The human menstrual cycle involves a complex and regular change in female anatomy and physiology over an approximate monthly time period which con consists of a number of bodily changes associated with the development of an egg and the possibility of pregnancy. The cycle starts with the first day of the menstrual period (referred to as day one) and ends the day before the next period starts. These cycles commence at puberty and cease at menopause.
While the length of the menstrual cycle is often 28 days, there is no real 'average' length, as menstrual cycles can vary anywhere from 20 days to 40 days. Cycles longer than six weeks are considered unusual.
The length of a woman's menstrual cycle may also change through different life stages. Irregularities are common during adolescence and in the time approaching menopause. Psychological factors such as stress and emotional distress, changes in weight, excessive physical activity and travelling can also cause irregularities in a woman's menstrual cycle.
Phases of the cycle
Conditions and Disorders of Menstruation
Click on the desired topic to get to that section
Menarchae or Menopause
Phases of menstrual cycle
There are four distinct phases of the menstrual cycle: menstruation, follicular phase, ovulation and the luteal phase. In order to properly understand menstruation it is necessary to first explain the phases that precede it.
The follicular phase is the phase from the first day of menstruation to ovulation. During this phase the follicle-stimulating hormone (FSH) is released by the pituitary gland, located in the brain. FSH causes between 10 and 20 follicles to begin developing in the ovary. Usually only one of these follicles will mature to become the ovum (egg), with the others degenerating. The developing follicles produce the female hormone oestrogen which causes the endometrium (lining of the uterus) to become thick in preparation for the possible embedding of a fertilised egg (1). The follicular phase can vary considerably in length, depending on the time of ovulation.
The rise in oestrogen during the follicular phase leads to the secretion of the gonadotropin-releasing hormone (GnRH) from the hypothalamus, located in the brain. This in turn increases the pituitary gland's production of both the luteinising hormone (LH) and FSH. The abrupt rise in the LH triggers ovulation, which is the release of the ovum (egg) from the ovary. Following ovulation the ovum is swept into the fallopian tube by the fimbria (fringelike extensions) and moved along towards the uterus. If fertilisation does not occur the egg will disintegrate over the next 12 to 24 hours (2).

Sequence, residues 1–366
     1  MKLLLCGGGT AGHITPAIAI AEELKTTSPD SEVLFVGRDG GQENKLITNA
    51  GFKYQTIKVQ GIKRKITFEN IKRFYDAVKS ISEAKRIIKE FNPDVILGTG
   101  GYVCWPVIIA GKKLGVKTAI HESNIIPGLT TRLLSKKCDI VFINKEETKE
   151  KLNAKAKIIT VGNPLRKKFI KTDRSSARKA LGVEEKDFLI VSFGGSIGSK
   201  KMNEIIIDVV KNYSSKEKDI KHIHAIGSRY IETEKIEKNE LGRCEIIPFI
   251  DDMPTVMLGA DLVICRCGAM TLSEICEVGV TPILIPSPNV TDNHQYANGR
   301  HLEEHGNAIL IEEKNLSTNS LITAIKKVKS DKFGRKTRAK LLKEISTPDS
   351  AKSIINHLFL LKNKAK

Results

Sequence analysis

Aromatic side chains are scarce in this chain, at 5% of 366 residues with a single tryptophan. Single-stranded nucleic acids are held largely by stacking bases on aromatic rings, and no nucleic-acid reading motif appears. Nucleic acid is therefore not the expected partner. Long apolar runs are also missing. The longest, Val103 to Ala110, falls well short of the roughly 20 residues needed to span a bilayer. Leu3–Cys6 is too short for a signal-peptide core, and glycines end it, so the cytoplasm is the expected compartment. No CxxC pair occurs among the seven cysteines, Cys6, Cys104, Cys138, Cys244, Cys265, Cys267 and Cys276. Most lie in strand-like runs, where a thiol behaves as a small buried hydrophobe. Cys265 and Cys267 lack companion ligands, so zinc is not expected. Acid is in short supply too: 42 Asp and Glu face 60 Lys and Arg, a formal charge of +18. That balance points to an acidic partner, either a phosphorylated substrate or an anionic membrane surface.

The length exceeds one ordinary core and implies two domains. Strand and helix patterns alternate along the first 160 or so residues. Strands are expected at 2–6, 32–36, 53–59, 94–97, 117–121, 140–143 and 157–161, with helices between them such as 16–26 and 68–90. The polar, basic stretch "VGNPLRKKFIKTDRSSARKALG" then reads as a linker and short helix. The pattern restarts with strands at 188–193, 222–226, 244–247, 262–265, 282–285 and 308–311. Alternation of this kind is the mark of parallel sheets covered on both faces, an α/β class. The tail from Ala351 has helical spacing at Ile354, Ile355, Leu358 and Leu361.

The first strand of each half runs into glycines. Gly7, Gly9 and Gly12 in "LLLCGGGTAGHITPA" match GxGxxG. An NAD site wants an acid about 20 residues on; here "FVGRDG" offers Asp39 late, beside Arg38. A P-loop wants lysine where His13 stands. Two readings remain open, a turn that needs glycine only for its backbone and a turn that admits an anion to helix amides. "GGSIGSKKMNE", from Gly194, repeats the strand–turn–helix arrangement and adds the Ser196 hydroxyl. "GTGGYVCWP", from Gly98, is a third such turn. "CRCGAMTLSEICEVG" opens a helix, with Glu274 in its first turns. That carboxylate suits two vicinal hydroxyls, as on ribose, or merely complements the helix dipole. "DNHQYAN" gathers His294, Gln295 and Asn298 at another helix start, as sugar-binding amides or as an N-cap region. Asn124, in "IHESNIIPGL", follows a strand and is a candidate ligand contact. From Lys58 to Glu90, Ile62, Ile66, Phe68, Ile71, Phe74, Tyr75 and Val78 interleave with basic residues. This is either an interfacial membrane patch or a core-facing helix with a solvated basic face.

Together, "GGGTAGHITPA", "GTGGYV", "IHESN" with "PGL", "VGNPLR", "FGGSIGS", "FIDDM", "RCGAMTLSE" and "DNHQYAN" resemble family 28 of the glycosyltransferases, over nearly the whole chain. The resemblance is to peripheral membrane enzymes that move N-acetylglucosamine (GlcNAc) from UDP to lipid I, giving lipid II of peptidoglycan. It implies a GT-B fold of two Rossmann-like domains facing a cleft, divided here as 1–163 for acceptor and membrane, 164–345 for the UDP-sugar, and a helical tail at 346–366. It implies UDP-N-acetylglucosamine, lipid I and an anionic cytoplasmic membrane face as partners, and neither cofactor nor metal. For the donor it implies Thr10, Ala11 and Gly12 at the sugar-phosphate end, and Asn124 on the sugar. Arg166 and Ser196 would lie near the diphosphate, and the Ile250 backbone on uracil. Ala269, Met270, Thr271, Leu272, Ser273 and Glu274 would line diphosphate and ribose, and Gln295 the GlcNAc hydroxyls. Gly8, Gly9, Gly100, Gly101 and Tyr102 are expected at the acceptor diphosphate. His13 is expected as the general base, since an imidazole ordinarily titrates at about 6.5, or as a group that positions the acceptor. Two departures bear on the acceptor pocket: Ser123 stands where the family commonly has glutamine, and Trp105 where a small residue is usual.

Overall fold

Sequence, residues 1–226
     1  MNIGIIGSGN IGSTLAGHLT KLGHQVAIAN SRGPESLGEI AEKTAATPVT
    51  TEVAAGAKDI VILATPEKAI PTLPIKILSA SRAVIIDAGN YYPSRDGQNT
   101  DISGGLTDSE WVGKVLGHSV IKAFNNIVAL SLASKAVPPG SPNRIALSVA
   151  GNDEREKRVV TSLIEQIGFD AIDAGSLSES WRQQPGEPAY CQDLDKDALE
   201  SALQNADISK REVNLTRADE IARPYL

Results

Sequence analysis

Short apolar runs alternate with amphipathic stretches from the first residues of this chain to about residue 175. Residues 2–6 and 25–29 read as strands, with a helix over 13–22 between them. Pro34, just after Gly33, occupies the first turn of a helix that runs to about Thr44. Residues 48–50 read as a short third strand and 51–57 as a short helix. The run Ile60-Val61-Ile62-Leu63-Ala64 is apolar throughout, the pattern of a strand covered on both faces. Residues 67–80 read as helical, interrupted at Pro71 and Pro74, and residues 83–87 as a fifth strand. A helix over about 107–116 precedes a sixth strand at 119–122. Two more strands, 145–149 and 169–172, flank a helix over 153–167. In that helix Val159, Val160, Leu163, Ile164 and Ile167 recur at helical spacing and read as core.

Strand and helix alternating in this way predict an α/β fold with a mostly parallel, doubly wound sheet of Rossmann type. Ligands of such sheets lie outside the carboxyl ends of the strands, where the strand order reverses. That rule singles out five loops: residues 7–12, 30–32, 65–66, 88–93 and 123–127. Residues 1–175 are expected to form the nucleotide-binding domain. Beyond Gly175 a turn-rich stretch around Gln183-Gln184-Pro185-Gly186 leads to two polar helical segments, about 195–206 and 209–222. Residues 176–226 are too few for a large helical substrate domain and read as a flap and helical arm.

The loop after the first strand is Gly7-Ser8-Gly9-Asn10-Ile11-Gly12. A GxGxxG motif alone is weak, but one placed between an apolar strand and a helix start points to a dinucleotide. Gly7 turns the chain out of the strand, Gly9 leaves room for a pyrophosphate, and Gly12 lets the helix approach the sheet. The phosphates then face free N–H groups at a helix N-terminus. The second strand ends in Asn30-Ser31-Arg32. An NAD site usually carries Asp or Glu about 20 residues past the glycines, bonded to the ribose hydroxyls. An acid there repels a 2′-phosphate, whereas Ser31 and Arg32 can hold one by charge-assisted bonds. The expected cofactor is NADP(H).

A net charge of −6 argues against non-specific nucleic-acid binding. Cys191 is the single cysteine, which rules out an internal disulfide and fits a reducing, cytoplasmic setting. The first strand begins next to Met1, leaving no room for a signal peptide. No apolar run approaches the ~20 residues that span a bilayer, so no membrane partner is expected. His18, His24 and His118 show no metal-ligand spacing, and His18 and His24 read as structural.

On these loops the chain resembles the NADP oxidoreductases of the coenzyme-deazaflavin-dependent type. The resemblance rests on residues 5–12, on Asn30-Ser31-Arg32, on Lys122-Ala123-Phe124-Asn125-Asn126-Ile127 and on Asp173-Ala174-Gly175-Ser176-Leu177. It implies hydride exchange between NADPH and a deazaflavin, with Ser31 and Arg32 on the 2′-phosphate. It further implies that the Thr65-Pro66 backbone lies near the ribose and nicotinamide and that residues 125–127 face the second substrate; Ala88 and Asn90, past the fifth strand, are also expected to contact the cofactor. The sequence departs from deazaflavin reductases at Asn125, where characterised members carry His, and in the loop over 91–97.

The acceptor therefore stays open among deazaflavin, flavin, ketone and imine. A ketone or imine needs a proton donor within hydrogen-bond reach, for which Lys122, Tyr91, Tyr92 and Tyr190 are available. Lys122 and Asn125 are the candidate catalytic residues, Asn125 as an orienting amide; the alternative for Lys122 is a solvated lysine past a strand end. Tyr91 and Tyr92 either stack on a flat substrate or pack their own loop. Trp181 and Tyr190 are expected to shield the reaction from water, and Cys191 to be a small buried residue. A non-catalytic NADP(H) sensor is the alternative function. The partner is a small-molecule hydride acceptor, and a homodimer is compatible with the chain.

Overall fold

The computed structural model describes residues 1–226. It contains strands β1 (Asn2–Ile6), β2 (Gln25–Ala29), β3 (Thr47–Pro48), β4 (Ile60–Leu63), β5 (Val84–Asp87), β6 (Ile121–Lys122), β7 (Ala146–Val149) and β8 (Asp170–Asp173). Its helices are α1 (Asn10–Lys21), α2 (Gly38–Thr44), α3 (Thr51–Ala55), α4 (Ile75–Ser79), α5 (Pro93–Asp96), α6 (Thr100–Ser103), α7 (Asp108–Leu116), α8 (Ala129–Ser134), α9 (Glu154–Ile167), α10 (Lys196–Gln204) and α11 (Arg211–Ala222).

This phase is the time from ovulation to the beginning of menstruation. During this phase the remnants of the follicle from which the egg was released become the corpus luteum. The corpus luteum secretes large amounts of the hormone progesterone and some oestrogen. While oestrogen allows the endometrium to thicken further, progesterone maintains the lining and also contributes to its development. If fertilisation does not occur the corpus luteum begins to degenerate and progesterone levels decline leading to the disintegration of the endometrium.
Women may experience other bodily changes during this phase, including tender or lumpy breasts, fluid retention and bloating. Mood swings, tiredness and feelings of anxiety, anger and sadness are also common at this time.
Menstruation occurs when the broken down endometrium flows out through the vagina. The menstrual fluid is actually made up of several components other than blood including endometrial cells, cervical mucus and vaginal secretions (3).